He refused to show us the company's response time records until Indiana's attorney general wraps up its investigation, but defended the crews actions.

"We got the appropriate personnel out there to best care for this patient at that time," said Howard.

"So you're telling me, leaving from this facility, going all the way to the east side, taking 20 minutes to get to a patient in cardiac arrest, when there was a fire department five minutes away, that that was the best response?," 13 Investigates Reporter Sandra Chapman responded.

"Our response times, we felt, fit into industry standards," Howard answered.

Later, Howard admitted that industry standards were eight minutes and that Care's crew time could have been nearly double that, but he wasn't sure.


"I'm really surprised that that is going on," Elsie Britton told 13 Investigates.

"It would not surprise me," said Rick Archer, the state's top investigator at the Emergency Medical Services Commission. The EMS Commission is the agency responsible for policing ambulance companies.


Archer confirms what industry sources tell 13 Investigates. Some nursing homes are calling their hired private ambulance companies for life and death emergencies, instead of 911, whether their crews are the closest or not. They've been doing it for years.


"I understand some nursing homes have some concern about calling 911, because of the disruption that having multiple responders come to the scene, has on their other patients," explained Archer.

You heard right. Nursing homes bypassing the closest life saving treatment because they don't want disruptions.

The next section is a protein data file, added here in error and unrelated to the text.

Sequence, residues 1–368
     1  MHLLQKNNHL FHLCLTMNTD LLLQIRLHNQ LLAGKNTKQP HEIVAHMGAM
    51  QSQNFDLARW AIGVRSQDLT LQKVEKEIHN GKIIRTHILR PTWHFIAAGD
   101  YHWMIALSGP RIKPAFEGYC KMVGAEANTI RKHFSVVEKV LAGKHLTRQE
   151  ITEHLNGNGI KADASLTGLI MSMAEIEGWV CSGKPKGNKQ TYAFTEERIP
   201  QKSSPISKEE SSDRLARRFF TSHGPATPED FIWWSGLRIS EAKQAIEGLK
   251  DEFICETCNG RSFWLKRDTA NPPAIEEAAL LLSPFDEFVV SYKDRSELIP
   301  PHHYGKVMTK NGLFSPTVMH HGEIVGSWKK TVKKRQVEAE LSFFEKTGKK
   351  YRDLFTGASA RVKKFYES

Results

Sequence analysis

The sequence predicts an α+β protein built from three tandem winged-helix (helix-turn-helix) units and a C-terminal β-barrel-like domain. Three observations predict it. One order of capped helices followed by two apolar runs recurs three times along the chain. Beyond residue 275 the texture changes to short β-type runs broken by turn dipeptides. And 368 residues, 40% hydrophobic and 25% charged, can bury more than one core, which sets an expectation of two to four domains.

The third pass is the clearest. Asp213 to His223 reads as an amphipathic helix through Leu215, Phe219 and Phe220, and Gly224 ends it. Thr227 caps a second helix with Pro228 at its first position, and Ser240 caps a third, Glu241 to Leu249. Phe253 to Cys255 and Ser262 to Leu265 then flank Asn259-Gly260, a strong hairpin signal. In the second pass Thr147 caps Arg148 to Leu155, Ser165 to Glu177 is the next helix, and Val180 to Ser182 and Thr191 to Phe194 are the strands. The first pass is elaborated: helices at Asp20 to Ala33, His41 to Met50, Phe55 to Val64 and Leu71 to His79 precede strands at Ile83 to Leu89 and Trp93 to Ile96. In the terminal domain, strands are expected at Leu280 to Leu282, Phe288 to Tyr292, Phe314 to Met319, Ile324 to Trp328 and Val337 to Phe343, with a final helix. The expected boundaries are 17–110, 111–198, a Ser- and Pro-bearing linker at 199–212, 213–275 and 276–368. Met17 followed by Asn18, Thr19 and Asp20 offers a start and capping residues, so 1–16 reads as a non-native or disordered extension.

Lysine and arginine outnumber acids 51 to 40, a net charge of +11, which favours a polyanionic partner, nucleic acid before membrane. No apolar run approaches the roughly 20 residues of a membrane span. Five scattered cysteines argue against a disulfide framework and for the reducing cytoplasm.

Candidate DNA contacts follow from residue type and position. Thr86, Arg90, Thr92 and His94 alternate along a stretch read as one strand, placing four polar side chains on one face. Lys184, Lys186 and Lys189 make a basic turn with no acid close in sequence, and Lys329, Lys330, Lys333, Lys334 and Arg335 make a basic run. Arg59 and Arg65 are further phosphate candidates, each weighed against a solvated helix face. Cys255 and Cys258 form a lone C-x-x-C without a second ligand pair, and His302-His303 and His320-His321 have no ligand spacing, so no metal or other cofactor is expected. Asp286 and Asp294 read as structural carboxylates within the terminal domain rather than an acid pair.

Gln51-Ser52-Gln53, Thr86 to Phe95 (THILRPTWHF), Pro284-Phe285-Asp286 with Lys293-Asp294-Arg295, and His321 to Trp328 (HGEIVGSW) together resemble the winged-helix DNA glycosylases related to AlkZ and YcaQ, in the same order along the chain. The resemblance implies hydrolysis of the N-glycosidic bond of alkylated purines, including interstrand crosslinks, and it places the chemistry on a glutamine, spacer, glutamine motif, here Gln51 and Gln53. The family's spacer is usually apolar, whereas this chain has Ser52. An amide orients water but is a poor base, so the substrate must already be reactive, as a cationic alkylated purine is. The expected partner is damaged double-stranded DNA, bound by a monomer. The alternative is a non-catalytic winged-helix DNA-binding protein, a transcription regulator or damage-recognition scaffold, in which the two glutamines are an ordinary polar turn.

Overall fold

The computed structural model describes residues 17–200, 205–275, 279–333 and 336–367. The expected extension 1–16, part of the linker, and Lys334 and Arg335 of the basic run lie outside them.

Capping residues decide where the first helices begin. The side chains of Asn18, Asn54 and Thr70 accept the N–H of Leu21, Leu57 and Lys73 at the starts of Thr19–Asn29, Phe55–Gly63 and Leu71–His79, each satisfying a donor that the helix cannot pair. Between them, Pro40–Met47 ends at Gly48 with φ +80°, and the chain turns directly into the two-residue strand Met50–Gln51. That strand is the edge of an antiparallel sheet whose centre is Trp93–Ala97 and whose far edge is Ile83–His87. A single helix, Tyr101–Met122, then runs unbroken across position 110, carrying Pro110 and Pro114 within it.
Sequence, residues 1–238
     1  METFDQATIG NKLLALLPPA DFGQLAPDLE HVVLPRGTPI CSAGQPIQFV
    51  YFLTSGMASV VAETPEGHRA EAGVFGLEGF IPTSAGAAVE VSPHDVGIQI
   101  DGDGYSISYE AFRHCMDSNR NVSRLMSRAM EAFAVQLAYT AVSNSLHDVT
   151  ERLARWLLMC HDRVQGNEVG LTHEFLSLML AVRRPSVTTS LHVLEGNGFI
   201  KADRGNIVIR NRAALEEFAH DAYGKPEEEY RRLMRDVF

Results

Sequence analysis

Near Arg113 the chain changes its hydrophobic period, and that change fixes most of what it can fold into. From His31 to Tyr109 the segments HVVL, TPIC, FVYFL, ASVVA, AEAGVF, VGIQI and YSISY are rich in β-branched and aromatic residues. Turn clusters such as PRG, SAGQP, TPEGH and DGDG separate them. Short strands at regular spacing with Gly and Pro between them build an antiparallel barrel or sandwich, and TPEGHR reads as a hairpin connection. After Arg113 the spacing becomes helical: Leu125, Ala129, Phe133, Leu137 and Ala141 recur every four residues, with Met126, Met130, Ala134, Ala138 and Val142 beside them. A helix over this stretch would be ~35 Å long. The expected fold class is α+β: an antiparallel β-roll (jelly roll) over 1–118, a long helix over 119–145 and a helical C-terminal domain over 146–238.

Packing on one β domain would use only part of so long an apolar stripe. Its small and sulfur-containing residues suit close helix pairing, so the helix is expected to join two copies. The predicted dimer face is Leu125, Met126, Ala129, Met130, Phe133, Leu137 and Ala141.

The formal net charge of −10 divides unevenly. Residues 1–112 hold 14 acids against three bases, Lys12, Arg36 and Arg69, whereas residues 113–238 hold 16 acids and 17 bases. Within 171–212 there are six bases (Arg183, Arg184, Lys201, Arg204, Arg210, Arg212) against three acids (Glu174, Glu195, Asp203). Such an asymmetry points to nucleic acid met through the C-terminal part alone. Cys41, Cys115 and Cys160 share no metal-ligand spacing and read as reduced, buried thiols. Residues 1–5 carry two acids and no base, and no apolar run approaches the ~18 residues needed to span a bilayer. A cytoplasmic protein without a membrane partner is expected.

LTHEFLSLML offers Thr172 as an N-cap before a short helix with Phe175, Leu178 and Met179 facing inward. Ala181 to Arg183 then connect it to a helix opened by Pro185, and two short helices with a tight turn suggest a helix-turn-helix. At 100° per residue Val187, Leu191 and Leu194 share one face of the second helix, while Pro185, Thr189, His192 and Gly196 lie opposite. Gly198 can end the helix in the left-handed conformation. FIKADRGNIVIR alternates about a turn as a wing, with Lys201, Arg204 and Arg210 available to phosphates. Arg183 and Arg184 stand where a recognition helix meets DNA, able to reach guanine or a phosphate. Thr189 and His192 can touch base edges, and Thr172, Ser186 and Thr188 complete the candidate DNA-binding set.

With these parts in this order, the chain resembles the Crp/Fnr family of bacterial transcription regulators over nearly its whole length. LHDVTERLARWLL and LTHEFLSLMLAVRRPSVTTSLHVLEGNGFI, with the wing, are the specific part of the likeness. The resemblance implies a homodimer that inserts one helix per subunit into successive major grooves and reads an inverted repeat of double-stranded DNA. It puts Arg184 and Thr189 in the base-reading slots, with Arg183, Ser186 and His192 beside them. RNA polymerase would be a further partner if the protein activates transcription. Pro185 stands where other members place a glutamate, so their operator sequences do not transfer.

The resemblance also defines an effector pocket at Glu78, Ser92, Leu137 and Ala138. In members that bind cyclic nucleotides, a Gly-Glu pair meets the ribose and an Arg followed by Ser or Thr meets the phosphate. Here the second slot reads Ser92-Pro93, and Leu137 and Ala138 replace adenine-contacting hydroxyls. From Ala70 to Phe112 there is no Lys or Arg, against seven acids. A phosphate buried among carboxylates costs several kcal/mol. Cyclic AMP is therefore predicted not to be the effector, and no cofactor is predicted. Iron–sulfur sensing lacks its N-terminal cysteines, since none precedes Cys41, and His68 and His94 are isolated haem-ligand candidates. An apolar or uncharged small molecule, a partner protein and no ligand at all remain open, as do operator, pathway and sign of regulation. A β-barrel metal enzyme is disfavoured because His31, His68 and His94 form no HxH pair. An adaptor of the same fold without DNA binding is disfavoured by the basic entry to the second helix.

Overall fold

"It should make us angry," said Elsie Britton in disbelief.

"From an outside perspective looking in, that sounds bad, but there could be circumstances in which that was an appropriate response," Archer reasoned.

But how would the state know? Indiana has no rules for ambulance response times.


"There's nothing really at the state level from the State EMS Commission that says you have to send the closest ambulance," he revealed.

"There is no rule. They don't have to call the closest ambulance," 13 Investigates explained to Elsie Britton.

"That's something that needs to be changed. She should have had help right now, as quickly as she could," fired back Britton as she thought of her dear friend.

The American Heart Association says patients are most likely to survive cardiac arrest if they receive appropriate care within 4-6 minutes.

In response to our report, the EMS Commission has opened its own investigation. The paramedic who questioned the risky call has resigned over Care's handling of the call.

But Wildwood Healthcare is still refusing comment. Its parent company, Kindred Healthcare, provided the following statement:

"Resident care and safety is our number one concern. The facility has all appropriate policies and procedures in place related to patient care including those residents who experience cardiac arrest. Those policies are implemented as determined by medical professionals for the given patient at the time. The incident in question is currently under investigation. Due to regulatory constraints related to patient privacy we are not able to comment on any specifics."